World War Two prisoner of war photographs to be auctioned at Newmarket

The prisoner of war photographs from Stalag XXA in Poland. Picture: ROWLEY'S

The prisoner of war photographs from Stalag XXA in Poland. Picture: ROWLEY'S - Credit: Archant

An album of photographs taken by a British prisoner of war held at Stalag XXA in Poland will be auctioned in Newmarket next week.

The album is estimated at £400-600. Picture: ROWLEY'S

The album is estimated at £400-600. Picture: ROWLEY'S - Credit: Archant

The detailed black and white photographs – showing prison working parties in the fields of Poland and activities POWs organised to keep morale up – will be sold at Rowley’s auctioneers on September 5.

The photographs were taken by Sergeant Major Joseph William Newton between 1942 and 1945 and give an extraordinary insight into life at the German World War Two prison camp in Thorn, Poland.

Sergeant Major Newton’s photographs also show the prison check point not long after his arrival, German SS dining at the camp, and funerals of British officers who were shot at Stalag XXA.

Little is known about the sergeant major, who may have been captured at Dunkirk, but the last known family member to own the album was Mr Newton’s son, who lived in Bexhill.

The photographs were taken by Sergeant Joseph Newton. Picture: ROWLEY'S

The photographs were taken by Sergeant Joseph Newton. Picture: ROWLEY'S - Credit: Archant

William Axon, Rowley’s senior valuer, said it could be that Newton was given the camera by the Germans to photograph the camp and prove it was tolerable. He said: “This album gives lots of details and the photos are really good quality.

“It doesn’t look like he used an improvised camera and you wonder if it was given to Newton, either by the Red Cross or perhaps by the Germans to prove that conditions were tolerable at the camp.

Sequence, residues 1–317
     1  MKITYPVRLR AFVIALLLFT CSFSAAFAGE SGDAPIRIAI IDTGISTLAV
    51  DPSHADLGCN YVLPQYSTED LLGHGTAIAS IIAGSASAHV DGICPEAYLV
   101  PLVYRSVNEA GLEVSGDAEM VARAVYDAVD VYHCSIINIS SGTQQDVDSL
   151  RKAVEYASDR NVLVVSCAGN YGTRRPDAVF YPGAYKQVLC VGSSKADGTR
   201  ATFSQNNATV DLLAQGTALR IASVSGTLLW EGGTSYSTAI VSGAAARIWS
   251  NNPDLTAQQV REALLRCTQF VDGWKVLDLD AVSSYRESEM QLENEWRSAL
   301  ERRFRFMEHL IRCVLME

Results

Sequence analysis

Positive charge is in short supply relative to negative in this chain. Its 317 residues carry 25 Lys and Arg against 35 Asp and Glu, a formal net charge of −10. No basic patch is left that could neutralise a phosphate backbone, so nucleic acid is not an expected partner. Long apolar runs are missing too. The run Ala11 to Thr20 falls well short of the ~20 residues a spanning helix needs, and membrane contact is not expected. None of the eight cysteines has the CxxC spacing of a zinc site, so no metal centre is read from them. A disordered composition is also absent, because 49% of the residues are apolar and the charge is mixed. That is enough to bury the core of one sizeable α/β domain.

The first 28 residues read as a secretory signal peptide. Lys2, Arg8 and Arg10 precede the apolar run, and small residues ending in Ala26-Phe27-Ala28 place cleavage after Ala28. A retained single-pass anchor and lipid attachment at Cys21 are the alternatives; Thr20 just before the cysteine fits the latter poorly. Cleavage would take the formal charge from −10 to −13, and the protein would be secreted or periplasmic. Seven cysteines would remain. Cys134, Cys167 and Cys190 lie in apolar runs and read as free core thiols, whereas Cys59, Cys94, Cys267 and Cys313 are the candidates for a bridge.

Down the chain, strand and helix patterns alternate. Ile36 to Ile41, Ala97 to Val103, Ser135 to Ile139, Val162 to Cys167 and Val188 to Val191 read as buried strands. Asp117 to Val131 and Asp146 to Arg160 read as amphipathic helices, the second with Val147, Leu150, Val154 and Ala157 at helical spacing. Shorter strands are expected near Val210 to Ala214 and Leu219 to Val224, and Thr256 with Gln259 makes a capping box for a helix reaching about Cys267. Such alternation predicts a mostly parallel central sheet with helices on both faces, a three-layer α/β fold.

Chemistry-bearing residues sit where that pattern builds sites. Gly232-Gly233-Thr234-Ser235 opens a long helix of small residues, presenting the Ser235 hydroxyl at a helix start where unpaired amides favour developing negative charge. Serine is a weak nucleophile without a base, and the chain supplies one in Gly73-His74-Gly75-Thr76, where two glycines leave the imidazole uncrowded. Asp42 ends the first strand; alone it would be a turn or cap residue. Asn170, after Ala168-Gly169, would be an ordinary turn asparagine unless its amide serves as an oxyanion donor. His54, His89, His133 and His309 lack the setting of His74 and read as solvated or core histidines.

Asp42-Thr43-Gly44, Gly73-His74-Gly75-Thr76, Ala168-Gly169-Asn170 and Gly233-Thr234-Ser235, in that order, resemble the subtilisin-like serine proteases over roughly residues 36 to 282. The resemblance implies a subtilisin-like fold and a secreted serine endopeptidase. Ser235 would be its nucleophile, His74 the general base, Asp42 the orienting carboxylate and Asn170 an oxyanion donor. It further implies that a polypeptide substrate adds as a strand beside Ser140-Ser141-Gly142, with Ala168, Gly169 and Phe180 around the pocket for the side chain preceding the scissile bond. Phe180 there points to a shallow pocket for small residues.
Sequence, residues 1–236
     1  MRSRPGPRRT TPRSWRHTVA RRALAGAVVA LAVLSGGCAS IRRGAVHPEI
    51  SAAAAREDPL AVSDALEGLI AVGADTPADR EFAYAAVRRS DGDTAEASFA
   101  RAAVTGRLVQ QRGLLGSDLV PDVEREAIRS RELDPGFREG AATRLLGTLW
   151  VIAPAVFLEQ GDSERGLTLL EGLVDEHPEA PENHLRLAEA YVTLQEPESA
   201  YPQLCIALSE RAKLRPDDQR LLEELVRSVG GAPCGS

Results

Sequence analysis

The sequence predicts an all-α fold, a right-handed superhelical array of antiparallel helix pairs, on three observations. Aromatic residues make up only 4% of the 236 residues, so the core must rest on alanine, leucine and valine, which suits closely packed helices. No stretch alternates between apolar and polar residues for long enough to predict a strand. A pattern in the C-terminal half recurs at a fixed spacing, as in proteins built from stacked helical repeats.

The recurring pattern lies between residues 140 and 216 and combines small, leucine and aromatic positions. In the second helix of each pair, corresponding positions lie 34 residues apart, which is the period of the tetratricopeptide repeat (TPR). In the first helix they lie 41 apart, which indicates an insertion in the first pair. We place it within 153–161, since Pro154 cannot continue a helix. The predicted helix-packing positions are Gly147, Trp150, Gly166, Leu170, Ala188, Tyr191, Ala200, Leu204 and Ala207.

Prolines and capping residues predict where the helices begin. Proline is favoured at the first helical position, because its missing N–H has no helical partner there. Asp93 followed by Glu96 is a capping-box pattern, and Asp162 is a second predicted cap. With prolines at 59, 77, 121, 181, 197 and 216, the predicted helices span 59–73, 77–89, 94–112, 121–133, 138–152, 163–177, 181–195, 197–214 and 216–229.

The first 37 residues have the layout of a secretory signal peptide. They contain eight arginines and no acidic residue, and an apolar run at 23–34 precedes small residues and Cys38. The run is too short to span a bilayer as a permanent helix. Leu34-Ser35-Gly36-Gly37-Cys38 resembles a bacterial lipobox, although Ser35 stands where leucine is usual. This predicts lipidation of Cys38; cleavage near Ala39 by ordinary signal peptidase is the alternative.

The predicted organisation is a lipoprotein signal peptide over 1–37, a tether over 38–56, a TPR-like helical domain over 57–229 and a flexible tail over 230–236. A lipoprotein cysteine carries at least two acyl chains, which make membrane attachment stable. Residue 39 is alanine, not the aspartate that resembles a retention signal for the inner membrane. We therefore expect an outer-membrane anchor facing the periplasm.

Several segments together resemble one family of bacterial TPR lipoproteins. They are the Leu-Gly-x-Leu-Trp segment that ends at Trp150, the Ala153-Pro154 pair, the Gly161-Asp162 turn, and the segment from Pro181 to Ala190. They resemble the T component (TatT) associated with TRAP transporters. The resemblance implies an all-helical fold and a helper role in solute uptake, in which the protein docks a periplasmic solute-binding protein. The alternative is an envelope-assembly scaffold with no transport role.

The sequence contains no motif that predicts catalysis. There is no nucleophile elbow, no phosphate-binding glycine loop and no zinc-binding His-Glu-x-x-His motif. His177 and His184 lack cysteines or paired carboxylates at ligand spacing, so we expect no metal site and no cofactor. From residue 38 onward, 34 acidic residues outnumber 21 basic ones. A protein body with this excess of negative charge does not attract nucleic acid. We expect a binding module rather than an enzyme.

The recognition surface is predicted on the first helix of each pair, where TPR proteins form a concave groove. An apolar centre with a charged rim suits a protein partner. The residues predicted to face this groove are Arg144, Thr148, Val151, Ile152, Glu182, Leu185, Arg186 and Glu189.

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“If it didn’t meet with German approval it would seem very odd that he would be able to photograph SS officers dining at the camp.”

In 1945 as the Germans retreated from Poland the prisoners remaining at Stalag XXA were forced to march through winter and early spring, covering more than 700 miles as they headed towards the German border to a new camp.

The photographs are being sold at Rowley's in Newmarket. Picture: ROWLEY'S

The photographs are being sold at Rowley's in Newmarket. Picture: ROWLEY'S - Credit: Archant

Some prisoners were shot during the march, or died of starvation, exhaustion, exposure and dysentery, but the survivors were eventually rescued by the Allies in early April.

Mr Axon said: “We know that Sergeant Newton survived the march because the final camp he is listed at is in Germany, Oerbke near Fallingbostel, which took prisoners in from Thorn, but we don’t know much more about him or his family after that. We don’t know if descendants are aware of this extraordinary archive.”

The album, owned by a Suffolk vendor, is estimated at £400-600.

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